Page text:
What to Expect When Testing for a TV Pilot

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For many actors, getting cast as a series regular on a television pilot is a dream come true. But testing for the pilot can feel more like a nightmare.

Picture this: You've made it through the pre-read, the callback, and the producer session. Your agent negotiated your rate and you already signed a "test deal"—your contract, should you get cast. You and a handful of others read for the studio executives. The studio chooses you and one or two others to test for the network. Now all that stands between you and the career of your dreams is a performance in a room full of network executives. No matter how confident you are, the pressure is enough to psych anyone out.

Ally Lattman, former vice president of television development for Lionsgate, admits testing can be very intimidating. "At the producer sessions, we are usually sitting on couches, chatting and joking with the actors," she says. "Those can be fun rooms, even at the studio level. But when you come into a network test, it's all business. Come in and read your scene; that's it. I don't know that I've been in any warm-and-friendly network test rooms."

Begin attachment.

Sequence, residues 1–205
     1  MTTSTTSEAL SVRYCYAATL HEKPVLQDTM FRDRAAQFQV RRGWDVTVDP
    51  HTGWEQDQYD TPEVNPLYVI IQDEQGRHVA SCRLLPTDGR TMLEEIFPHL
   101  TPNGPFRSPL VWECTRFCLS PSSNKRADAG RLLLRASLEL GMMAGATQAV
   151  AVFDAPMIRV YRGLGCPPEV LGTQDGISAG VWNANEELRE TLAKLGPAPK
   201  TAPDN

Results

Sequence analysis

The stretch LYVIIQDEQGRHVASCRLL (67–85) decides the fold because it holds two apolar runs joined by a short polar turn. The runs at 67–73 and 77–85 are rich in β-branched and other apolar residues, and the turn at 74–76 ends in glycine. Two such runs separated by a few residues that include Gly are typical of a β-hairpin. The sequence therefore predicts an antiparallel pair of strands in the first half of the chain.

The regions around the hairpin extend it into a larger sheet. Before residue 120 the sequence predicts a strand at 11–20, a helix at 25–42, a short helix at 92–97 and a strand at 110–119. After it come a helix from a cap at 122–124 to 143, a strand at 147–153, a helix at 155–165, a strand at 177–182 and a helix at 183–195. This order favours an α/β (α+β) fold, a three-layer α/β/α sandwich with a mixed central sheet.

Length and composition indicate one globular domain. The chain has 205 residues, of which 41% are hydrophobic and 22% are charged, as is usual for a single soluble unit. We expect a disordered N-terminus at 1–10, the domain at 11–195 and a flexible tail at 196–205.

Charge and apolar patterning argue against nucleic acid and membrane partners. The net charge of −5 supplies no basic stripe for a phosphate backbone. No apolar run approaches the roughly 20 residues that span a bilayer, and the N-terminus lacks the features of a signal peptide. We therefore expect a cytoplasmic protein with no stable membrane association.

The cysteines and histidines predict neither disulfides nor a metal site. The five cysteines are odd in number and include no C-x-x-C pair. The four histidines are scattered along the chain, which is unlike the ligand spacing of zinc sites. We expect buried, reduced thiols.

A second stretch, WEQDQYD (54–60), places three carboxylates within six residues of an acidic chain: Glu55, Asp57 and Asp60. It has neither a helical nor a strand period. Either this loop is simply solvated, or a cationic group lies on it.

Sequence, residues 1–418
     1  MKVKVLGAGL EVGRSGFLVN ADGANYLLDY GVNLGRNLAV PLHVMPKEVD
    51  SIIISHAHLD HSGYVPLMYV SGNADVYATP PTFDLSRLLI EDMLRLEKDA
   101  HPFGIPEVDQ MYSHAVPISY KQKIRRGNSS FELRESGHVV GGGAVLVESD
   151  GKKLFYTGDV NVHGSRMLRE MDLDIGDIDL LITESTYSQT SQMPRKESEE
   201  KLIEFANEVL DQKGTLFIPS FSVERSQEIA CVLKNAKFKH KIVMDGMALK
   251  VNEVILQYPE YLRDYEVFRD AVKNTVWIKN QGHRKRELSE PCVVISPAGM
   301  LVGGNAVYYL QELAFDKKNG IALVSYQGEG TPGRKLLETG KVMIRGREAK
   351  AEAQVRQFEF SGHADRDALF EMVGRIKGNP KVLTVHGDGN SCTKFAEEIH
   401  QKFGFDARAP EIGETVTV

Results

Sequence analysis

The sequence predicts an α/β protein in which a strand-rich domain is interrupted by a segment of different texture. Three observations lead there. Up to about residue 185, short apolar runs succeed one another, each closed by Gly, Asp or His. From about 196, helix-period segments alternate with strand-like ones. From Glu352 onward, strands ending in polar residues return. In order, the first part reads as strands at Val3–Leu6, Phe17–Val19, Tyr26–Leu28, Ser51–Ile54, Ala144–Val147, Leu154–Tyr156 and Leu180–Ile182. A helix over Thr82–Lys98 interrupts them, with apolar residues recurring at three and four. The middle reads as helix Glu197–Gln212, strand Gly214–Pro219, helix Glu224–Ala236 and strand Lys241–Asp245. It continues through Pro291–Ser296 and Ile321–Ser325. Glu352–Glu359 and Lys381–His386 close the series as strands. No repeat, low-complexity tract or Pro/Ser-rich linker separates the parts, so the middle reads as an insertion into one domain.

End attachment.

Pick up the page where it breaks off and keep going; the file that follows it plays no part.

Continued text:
In a pre-read or callback, you might perform for only two or three people, but in a studio or network test there could be as many as 20 pairs of eyes watching. "The studio execs, the network execs, the business people… everyone who is spending money all want to be able to give their opinion and make sure the right person is getting the part," explains Lattman. Network tests are often held in screening rooms in order to accommodate all the executives. "It feels like you're doing a one-man show," says Amir Talai, a series regular from CBS's 2008 "The Ex List."